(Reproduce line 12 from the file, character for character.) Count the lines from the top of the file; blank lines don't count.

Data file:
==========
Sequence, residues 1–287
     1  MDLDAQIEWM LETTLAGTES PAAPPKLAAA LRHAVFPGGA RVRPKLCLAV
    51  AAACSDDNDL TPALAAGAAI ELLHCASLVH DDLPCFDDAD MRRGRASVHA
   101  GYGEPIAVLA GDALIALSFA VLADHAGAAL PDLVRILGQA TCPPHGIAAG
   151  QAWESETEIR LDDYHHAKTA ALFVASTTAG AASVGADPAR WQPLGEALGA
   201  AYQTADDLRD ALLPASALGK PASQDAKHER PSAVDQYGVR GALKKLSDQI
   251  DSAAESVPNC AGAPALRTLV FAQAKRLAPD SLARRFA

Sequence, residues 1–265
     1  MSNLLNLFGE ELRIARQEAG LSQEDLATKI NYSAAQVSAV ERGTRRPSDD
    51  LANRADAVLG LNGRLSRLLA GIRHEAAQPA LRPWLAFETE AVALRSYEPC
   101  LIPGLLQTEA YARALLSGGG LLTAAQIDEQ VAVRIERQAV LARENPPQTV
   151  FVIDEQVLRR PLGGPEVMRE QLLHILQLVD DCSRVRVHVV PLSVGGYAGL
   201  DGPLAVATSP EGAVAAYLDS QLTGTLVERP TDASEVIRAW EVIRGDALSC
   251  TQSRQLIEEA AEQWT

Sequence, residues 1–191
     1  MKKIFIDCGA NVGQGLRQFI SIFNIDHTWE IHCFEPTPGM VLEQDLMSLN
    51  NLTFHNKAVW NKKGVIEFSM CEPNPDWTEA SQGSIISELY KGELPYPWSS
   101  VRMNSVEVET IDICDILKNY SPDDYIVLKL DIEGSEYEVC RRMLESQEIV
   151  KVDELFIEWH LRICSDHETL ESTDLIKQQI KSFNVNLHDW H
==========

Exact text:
   151  FVIDEQVLRR PLGGPEVMRE QLLHILQLVD DCSRVRVHVV PLSVGGYAGL